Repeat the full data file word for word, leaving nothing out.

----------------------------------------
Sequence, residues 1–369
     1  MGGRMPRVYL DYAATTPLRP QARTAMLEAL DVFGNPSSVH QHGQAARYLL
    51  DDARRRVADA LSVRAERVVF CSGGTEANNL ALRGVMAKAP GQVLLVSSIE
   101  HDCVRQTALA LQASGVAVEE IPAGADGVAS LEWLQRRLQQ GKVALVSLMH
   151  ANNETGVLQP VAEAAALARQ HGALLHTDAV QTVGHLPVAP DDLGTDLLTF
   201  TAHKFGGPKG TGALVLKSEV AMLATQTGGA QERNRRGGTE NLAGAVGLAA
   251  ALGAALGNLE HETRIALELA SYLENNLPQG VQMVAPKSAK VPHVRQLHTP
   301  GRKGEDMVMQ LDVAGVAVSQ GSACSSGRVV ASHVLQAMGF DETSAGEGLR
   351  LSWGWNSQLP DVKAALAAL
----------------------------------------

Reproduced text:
Sequence, residues 1–369
     1  MGGRMPRVYL DYAATTPLRP QARTAMLEAL DVFGNPSSVH QHGQAARYLL
    51  DDARRRVADA LSVRAERVVF CSGGTEANNL ALRGVMAKAP GQVLLVSSIE
   101  HDCVRQTALA LQASGVAVEE IPAGADGVAS LEWLQRRLQQ GKVALVSLMH
   151  ANNETGVLQP VAEAAALARQ HGALLHTDAV QTVGHLPVAP DDLGTDLLTF
   201  TAHKFGGPKG TGALVLKSEV AMLATQTGGA QERNRRGGTE NLAGAVGLAA
   251  ALGAALGNLE HETRIALELA SYLENNLPQG VQMVAPKSAK VPHVRQLHTP
   301  GRKGEDMVMQ LDVAGVAVSQ GSACSSGRVV ASHVLQAMGF DETSAGEGLR
   351  LSWGWNSQLP DVKAALAAL